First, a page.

Paula makes all the food from scratch for each tea service and likes to “stick to the basics.”
Guests can enjoy an elegant six-course service complete with a fresh fruit salad, fresh garden salad, rich pastries and cakes, a variety of sandwiches, seasonal soups, and, finally, a flavorful dessert.
“I like to use old-fashioned recipes and make food that people enjoy,” expounded Paula. “I do a lot of the cooking and baking by taste; that’s how my mother taught me.”
Her specialties include a peaches and cream cake and a creamed chicken rice soup, which was actually created by accident one day while trying to make two separate soups and mistakenly combining the ingredients.
“That’s part of the job,” joked Paula. “Some really surprising things can come out of mistakes in the kitchen; you have to be able to think on your feet.”
Tour buses often make stops at the tea room which fills the 65 person capacity parlor up quickly.
Each of the parlor’s rooms are complete with elaborate and seasonal decorations, including the brightly colored “peacock room.”
The design for the room was inspired by a stained-glass peacock found on a trip to Williamsburg. The couple also drew inspiration for other parts of the home from the styles found in Cape May, New Jersey.
There are also two gift shops on site for visitors looking for tea related items, jewelry, and home decorations.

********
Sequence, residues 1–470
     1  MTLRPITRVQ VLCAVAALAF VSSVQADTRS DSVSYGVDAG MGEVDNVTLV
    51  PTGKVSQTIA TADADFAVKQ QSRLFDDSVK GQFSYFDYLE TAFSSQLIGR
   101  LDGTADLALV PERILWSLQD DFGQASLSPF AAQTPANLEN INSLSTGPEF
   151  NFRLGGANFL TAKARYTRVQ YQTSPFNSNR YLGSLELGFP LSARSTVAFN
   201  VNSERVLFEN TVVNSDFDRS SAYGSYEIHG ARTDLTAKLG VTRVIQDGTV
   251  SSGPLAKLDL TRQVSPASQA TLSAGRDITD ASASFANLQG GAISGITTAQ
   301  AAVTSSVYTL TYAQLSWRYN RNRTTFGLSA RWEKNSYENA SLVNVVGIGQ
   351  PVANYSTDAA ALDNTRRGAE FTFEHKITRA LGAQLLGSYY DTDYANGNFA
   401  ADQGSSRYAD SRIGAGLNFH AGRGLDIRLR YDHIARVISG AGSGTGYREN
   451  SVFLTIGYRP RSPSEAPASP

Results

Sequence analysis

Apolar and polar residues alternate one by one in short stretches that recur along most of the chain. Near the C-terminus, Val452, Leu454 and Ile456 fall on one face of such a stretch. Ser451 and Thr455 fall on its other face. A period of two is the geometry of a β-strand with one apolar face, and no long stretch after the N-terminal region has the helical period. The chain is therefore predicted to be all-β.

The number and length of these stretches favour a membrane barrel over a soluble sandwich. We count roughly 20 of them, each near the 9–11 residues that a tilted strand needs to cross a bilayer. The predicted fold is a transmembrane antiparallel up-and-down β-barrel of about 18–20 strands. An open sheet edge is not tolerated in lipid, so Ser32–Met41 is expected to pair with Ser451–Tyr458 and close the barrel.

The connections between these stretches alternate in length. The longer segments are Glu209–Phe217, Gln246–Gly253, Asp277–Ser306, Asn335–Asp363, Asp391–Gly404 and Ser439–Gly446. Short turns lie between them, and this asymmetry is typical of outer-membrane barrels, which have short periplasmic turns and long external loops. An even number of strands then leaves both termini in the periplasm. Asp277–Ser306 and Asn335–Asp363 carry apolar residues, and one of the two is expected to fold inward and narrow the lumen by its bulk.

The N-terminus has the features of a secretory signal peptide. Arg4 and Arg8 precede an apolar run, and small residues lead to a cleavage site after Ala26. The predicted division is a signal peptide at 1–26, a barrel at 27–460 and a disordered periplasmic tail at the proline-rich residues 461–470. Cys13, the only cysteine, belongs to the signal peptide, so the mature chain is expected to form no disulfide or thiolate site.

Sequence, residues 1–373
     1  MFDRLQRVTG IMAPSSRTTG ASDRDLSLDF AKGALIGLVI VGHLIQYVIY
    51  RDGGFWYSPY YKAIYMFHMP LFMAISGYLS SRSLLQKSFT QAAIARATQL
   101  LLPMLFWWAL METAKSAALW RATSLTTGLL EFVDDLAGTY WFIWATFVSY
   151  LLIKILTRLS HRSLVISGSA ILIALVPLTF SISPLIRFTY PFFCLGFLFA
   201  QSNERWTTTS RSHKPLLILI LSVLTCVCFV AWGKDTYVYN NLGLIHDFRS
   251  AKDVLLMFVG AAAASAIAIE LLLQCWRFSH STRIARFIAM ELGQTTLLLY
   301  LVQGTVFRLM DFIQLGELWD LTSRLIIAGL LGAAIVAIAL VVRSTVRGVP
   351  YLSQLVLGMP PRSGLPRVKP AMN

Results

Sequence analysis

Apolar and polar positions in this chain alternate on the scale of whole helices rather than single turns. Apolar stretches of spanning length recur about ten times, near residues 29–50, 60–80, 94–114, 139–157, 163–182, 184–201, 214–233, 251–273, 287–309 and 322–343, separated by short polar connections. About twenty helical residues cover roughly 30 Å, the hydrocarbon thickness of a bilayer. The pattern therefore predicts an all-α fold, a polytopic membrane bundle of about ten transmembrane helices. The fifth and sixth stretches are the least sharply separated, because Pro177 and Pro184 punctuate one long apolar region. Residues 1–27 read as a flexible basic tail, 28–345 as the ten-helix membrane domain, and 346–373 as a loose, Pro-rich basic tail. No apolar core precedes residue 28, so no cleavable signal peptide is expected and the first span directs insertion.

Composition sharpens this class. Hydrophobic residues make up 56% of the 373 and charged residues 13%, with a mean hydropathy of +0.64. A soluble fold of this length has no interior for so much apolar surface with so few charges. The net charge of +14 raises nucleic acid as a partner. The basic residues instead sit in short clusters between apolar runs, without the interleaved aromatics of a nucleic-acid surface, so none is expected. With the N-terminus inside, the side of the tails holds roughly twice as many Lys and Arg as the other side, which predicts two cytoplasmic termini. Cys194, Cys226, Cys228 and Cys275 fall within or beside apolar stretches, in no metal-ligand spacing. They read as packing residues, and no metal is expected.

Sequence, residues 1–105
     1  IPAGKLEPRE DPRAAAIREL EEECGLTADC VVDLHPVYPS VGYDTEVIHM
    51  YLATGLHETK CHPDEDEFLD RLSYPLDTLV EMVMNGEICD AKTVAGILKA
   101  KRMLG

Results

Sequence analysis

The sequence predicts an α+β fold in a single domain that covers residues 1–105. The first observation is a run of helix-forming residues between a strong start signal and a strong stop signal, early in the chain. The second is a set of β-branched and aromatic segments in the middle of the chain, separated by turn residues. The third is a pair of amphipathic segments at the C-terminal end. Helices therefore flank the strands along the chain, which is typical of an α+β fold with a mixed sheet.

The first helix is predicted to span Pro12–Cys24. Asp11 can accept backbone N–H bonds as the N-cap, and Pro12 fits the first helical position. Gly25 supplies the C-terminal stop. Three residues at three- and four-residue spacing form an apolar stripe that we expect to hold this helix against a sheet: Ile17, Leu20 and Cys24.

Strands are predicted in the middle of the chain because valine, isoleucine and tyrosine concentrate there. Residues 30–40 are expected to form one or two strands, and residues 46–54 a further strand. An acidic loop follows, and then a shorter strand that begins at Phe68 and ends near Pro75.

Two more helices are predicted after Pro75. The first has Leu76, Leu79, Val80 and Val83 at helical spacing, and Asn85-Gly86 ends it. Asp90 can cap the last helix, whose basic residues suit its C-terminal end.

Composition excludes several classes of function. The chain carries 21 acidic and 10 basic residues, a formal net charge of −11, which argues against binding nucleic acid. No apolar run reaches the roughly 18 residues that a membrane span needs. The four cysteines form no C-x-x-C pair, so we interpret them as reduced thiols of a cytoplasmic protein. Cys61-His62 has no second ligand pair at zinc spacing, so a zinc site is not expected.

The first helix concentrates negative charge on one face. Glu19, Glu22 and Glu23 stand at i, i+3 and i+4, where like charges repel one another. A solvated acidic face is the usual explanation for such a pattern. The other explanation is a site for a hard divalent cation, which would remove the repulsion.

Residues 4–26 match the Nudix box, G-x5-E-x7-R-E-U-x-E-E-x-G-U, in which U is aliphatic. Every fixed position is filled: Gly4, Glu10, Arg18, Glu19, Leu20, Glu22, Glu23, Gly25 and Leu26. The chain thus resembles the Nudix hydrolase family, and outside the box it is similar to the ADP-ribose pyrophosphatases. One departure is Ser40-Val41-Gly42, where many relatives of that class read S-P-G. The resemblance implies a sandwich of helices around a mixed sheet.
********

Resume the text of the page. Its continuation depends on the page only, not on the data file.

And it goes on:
Paula and Daryl are present at all tea services which are held Wednesday through Saturday from 11 a.m. to 2 p.m. by reservation.
“What stands out to me is the personalities that Paula brings out in people,” commented Daryl. “People like coming here because it’s something different and unique.”
While the tea service is certainly ornate, the atmosphere, on the other-hand is relaxed. Guests can borrow one of the 400 hats available to wear for the afternoon during tea time. Children are always welcome to attend with any group.
“When people come for tea, we want them to feel that they’re at home now,” remarked Paula.
This statement is certainly a thread that runs throughout the community of Spring Grove: a reminder of what it means to be home.